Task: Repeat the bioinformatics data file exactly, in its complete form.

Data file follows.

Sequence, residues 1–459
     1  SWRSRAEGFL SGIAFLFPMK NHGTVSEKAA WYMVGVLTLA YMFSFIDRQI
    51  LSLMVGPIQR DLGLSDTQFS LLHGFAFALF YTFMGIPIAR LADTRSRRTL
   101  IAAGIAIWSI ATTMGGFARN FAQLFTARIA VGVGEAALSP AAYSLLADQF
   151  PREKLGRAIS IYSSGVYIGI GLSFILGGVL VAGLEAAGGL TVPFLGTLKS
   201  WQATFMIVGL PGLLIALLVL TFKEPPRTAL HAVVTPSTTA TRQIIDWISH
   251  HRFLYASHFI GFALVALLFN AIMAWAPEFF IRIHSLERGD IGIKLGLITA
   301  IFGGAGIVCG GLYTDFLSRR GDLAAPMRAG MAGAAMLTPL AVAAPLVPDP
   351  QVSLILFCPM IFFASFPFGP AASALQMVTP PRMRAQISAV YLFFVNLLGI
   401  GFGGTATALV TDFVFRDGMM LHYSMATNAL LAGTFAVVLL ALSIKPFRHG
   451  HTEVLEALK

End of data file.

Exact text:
Sequence, residues 1–459
     1  SWRSRAEGFL SGIAFLFPMK NHGTVSEKAA WYMVGVLTLA YMFSFIDRQI
    51  LSLMVGPIQR DLGLSDTQFS LLHGFAFALF YTFMGIPIAR LADTRSRRTL
   101  IAAGIAIWSI ATTMGGFARN FAQLFTARIA VGVGEAALSP AAYSLLADQF
   151  PREKLGRAIS IYSSGVYIGI GLSFILGGVL VAGLEAAGGL TVPFLGTLKS
   201  WQATFMIVGL PGLLIALLVL TFKEPPRTAL HAVVTPSTTA TRQIIDWISH
   251  HRFLYASHFI GFALVALLFN AIMAWAPEFF IRIHSLERGD IGIKLGLITA
   301  IFGGAGIVCG GLYTDFLSRR GDLAAPMRAG MAGAAMLTPL AVAAPLVPDP
   351  QVSLILFCPM IFFASFPFGP AASALQMVTP PRMRAQISAV YLFFVNLLGI
   401  GFGGTATALV TDFVFRDGMM LHYSMATNAL LAGTFAVVLL ALSIKPFRHG
   451  HTEVLEALK